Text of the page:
Assembling the Puzzle
Textual Criticism and the Bible

Maggie Brooks Battles Internet Porn

The local TV station sent reporters to the library and filmed guys watching porn on the web. They only had to ask the librarian to unlock filtering software. Out in the open. Kids might see it. TV news led with the story.

County Executive Maggie Brooks saw the report and hit the roof! She had no idea, she said, and blasted that library director to shape up or risk losing county funding (70% if the library's budget!) Why should taxpayers fund porn?

But the next day the ACLU appeared. That library had better not cut off the porn, they countered. What about freedom of speech? What about the slippery slope? What about the lawsuit that they might file?

It wasn't the one sided issue Tom Wheatandweeds thought it might be. Lots of people took issue with Maggie. Wasn't she just grandstanding? So Wheatandweeds, that pillar of virtue, wrote City! newspaper.

Maggie Brooks is shocked over internet porn! What's wrong with that?

We're not dealing with freedom of political speech. We're not dealing with freedom of religious speech. We're not even dealing with freedom of body-beautiful artistic speech. We're dealing with hardcore internet porn, which delights in graphic copulation, sadomasochism, and bestiality, often via streaming video. Historically, patrons visited seedy places for such material, where they sought out secluded spots in which to masturbate. Must we really have our public libraries offer free competition?

Surely, internet porn is not that make-or-break issue upon which all our constitutional rights depend. That slippery slope can't be that slippery.

When the library settled matters a few weeks later, though, they paid Wheatandweeds no heed. No one ever does. They vowed business as usual, with a few minor tweaks so as to safeguard children.

Moreover, the next City! issue featured another letter rebutting Wheatandweeds! Its author had read between the lines, and was alarmed that Wheatandweeds seemed to be decrying, not just child-accessible porn, itself. People like porn, he observed, from which fact he concluded that it must be fine.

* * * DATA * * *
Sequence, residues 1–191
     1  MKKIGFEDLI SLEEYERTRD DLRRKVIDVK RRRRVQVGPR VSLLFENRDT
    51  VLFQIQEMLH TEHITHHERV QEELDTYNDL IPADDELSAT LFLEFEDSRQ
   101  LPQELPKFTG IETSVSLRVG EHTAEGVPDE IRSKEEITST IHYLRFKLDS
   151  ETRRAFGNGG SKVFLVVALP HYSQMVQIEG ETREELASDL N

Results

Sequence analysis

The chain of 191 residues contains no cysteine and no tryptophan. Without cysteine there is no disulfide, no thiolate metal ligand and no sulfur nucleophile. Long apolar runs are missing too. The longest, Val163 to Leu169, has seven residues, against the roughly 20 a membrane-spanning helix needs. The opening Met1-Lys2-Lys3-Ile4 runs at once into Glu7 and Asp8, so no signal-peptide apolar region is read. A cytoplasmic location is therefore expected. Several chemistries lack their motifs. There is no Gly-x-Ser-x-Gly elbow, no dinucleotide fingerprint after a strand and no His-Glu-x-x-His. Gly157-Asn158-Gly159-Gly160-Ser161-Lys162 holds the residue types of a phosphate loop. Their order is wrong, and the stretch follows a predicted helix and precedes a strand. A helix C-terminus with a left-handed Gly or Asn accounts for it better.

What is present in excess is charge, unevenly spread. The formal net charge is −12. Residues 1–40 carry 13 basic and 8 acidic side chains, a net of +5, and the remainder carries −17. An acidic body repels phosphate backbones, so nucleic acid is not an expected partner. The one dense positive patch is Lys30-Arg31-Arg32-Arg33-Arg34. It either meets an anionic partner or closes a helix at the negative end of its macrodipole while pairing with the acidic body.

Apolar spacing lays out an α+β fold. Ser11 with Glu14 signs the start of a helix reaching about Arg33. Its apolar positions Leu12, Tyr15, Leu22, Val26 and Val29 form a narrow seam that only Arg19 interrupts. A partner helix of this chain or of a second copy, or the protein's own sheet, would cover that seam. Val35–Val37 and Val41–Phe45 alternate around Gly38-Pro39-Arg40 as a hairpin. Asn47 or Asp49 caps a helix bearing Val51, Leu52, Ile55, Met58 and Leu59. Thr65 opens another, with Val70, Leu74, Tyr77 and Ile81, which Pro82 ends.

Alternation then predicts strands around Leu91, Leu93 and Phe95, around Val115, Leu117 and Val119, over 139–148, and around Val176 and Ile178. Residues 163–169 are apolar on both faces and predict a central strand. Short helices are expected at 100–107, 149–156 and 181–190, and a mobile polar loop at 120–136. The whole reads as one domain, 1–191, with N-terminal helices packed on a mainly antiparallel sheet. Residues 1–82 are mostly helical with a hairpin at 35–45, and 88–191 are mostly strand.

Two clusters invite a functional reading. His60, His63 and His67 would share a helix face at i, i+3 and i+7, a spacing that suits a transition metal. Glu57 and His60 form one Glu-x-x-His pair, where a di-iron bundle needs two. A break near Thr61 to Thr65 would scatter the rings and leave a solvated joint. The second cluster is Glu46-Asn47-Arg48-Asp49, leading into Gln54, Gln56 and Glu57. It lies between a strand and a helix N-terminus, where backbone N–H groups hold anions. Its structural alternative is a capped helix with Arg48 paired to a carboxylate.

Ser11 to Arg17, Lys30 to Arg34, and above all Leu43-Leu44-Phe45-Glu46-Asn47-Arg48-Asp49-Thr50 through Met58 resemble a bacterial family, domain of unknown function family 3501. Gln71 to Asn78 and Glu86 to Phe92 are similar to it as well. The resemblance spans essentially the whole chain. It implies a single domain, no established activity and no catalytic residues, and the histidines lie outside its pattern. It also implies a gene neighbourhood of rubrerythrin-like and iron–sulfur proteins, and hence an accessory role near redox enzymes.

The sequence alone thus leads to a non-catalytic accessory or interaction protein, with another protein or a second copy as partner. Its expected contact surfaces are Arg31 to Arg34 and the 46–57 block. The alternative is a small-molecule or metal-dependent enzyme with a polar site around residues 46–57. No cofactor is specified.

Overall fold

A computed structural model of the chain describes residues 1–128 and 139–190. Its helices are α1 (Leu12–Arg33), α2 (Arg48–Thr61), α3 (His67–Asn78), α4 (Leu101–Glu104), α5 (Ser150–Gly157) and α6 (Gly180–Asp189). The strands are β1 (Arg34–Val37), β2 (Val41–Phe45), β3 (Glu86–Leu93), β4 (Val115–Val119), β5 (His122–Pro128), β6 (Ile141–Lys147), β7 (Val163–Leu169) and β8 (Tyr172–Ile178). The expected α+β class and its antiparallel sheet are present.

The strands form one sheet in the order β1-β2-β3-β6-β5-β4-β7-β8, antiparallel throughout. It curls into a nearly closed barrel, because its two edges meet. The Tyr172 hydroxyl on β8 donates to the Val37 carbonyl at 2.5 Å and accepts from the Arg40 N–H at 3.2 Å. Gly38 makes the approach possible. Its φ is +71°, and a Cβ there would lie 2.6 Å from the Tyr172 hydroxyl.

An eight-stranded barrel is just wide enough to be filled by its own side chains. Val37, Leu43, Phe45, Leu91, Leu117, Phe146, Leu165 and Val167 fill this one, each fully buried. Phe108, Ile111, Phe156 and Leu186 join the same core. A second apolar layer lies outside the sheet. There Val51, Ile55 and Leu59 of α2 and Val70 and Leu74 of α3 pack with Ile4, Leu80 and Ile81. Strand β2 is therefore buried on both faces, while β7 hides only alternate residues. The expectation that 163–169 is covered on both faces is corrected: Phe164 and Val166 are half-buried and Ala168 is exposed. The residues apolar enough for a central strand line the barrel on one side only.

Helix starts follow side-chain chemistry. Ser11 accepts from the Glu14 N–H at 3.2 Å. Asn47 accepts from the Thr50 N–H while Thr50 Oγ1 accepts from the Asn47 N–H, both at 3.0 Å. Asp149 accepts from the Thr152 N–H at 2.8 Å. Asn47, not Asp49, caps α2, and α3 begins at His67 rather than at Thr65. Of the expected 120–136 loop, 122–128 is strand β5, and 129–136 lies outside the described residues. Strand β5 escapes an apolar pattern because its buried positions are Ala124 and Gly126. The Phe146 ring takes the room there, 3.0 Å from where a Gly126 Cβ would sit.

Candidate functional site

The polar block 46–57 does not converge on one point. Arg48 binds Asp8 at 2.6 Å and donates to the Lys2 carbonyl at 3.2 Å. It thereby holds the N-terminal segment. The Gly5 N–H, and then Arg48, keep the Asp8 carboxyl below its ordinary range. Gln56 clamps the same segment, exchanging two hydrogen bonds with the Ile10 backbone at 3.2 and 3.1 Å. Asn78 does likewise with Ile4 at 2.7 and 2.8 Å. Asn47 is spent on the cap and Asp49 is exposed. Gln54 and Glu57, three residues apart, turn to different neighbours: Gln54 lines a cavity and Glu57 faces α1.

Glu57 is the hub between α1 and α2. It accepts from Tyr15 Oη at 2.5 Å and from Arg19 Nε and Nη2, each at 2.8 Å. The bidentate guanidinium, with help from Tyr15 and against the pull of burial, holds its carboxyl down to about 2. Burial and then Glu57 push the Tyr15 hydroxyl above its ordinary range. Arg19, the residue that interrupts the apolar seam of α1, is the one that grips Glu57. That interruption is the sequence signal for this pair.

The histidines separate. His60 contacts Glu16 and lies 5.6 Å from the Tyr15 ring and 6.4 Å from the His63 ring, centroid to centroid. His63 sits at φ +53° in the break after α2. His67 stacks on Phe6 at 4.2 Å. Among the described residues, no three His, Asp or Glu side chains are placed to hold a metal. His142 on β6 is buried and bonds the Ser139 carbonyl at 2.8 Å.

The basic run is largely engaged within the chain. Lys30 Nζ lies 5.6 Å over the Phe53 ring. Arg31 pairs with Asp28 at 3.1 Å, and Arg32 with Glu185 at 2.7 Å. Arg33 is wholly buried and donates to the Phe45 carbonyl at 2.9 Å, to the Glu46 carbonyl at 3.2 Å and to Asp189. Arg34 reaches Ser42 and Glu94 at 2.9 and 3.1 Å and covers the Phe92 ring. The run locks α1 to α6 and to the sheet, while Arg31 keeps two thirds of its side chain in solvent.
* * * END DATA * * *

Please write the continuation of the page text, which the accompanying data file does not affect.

Wheatandweeds, the stubborn ox, would have none of it. "People like fast food, too," he spattered at me between bites. "That's why we all weigh 300 pounds!"

Moreover, they also liked Don Imus, that foulmouthed radio jock. How long had he been a mainstay morning guy? His mouth spawned many a tempest, but he weathered them all. Until last week when they finally canned himfor racially charged remarks about nappy headed ho's. The local radio guy, Bob Lonsberry, wondered if the library free-speech people would come to Don's defense.

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Romulus Crowe

Odd that nobody considers the freedoms of those who want to go to a library to read and not be faced with a screenful of writhing flesh.

Equally odd that these same 'freedom of speech champions' are quick to silence those who object to their politically-correct dictation.

Perhaps free speech only applies when you say what you're supposed to say? We have the freedom to agree with what we're told to think and do, but those deviants who insist on thinking for themselves must be silenced.

If there's really 'freedom of speech', why can't we tell these petty dictators where to go? If we do, why are we shouted down for it?


I've said it before and I'll say it again: people only seem to want freedom to do the "bad" things: pornography, violence, and other craziness. Yet if first amendment rights were threatened for political, religious, and other free speech (the very things the Founding Fathers sought to protect), I have a feeling that there wouldn't be too much uproar...

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